Didi Tang, *CIO Today*, July 12, 2012 [via Dave Farber's IP] At the same time Russia is increasing Internet censorship, so is China. China Tightens Up Online Video Censorship http://www.cio-today.com/news/China-To-Censor-Online-Video-Content-/story.x=html?story_id=030002R9QVAU If you run a video web site in China, you now have a daunting task: Screen all your content and censor out anything questionable before posting. Regulators say video providers should bear responsibility for web programs, though it did not offer specific standards or mention penalties for online providers who fail to comply.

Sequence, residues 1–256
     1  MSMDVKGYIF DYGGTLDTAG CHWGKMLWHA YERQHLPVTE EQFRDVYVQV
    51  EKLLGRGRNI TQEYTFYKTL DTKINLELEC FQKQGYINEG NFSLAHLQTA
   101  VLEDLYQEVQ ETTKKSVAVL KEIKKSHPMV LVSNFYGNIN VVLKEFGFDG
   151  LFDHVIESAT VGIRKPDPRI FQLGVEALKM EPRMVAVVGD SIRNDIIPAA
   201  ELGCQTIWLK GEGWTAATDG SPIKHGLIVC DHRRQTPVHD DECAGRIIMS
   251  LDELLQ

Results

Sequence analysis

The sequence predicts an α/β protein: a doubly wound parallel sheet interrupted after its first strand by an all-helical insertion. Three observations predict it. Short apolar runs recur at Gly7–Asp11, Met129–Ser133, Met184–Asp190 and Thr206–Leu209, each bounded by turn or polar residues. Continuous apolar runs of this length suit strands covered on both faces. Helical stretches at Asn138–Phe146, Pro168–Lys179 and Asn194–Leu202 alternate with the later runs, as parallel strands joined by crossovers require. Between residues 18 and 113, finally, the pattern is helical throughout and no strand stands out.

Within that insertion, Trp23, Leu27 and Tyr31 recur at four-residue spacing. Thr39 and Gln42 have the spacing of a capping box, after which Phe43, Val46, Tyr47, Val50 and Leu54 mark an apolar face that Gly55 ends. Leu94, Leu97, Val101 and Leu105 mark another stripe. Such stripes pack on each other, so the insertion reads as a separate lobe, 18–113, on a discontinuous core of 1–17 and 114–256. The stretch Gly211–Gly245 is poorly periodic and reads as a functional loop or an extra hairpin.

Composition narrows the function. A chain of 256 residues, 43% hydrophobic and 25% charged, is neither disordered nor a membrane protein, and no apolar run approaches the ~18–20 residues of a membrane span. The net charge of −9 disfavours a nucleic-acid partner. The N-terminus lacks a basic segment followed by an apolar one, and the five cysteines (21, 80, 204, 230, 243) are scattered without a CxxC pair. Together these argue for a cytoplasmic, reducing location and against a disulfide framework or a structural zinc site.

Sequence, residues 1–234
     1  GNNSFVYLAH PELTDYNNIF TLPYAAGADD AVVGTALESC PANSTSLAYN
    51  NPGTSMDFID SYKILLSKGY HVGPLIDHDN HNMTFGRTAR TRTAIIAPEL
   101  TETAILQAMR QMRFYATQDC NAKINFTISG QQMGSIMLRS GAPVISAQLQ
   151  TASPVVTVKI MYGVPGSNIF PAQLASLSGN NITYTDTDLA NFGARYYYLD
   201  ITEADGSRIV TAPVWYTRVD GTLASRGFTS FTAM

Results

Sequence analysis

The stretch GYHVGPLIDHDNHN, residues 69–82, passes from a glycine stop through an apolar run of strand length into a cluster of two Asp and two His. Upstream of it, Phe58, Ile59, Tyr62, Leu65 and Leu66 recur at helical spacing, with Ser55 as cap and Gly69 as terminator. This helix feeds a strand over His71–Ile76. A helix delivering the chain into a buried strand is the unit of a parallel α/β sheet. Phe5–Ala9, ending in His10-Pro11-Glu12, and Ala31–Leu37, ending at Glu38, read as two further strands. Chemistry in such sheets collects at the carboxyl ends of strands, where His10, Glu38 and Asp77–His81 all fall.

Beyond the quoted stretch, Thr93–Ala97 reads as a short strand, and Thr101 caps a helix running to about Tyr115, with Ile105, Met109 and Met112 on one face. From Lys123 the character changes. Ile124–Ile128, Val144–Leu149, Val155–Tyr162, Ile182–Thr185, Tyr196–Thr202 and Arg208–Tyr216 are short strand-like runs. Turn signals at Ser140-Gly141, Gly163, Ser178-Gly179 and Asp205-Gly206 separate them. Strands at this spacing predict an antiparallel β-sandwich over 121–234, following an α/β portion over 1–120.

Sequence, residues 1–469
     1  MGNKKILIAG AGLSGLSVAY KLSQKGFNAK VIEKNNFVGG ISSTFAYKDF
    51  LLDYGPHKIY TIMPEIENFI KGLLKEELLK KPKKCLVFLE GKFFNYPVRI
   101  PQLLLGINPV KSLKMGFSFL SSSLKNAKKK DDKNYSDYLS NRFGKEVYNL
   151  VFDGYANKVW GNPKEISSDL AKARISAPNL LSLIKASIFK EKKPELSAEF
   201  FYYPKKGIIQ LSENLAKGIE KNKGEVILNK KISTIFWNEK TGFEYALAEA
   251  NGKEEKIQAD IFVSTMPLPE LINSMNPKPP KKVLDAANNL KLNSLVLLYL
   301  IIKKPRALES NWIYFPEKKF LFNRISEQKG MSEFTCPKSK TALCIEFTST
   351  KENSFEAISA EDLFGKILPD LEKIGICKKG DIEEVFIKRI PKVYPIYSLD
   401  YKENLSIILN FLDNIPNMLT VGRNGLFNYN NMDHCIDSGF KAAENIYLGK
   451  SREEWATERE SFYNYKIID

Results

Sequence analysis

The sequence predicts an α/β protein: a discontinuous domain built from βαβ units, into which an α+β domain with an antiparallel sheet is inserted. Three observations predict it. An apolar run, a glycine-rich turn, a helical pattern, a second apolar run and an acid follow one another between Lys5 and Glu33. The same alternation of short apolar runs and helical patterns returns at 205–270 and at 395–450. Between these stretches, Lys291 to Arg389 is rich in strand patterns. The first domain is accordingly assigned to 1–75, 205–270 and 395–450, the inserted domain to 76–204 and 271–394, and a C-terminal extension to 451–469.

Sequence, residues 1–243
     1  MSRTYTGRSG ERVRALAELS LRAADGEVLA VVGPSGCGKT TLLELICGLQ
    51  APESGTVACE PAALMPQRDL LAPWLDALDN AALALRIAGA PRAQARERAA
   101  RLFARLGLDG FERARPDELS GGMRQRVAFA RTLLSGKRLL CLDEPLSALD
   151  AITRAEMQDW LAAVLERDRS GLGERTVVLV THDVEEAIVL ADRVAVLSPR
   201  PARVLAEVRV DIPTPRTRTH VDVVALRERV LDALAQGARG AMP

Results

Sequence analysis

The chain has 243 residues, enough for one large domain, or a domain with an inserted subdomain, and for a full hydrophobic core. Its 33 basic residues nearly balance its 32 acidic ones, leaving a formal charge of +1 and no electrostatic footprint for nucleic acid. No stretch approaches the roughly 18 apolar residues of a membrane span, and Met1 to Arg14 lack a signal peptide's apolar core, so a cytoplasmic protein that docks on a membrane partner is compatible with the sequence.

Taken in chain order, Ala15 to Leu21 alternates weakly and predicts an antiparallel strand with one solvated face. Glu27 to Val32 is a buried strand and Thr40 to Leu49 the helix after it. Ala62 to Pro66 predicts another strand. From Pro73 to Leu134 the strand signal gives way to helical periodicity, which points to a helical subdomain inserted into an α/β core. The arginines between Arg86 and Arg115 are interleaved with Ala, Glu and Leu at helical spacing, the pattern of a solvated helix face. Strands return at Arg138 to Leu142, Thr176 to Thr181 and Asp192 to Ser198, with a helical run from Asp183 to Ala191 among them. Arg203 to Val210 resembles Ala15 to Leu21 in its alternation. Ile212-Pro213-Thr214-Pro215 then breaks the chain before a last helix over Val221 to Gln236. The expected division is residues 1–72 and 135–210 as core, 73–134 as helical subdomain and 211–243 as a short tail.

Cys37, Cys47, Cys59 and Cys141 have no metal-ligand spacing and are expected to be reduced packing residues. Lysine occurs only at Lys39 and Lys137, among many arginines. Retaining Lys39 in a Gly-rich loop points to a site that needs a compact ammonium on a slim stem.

(Brendan Sasso) Brendan Sasso, *The Hill*, 12 Jul 2012 http://thehill.com/blogs/hillicon-valley/technology/237515-fcc-chief-blasts-russia-for-passing-internet-censorship-bill Julius Genachowski, chairman of the Federal Communications Commission (FCC), issued a statement late Wednesday slamming Russia for passing a bill that would allow the government to blacklist certain websites. He said the country had moved in a "troubling and dangerous direction." "The world's experience with the Internet provides a clear lesson: a free and open Internet promotes economic growth and freedom; restricting the free flow of information is bad for consumers, businesses, and societies," he said. The FCC chief explained that he recently attended an economic forum in Russia where he discussed how expanding broadband Internet access can grow a country's economy and improve education, health care and government services. He argued that a free and open Internet is essential to meeting those goals. "I believe this legislation will stifle investment in broadband and impede innovations that could advance Russia's promising Internet economy," Genachowski said. The Russian Duma, its lower house of Parliament, approved the controversial bill unanimously on Wednesday. The measure would give the government the power to force site owners and Internet providers to shut down blacklisted sites. Supporters of the bill say it is aimed at curbing child pornography and sites that promote drug use or suicide. But critics warn it is attempt to stifle political dissent in a country where the government already owns the television stations. The Russian Wikipedia blacked itself out earlier this week in protest, warning the bill would create the Russian version of China's "great firewall," which allows the government to filter Internet content.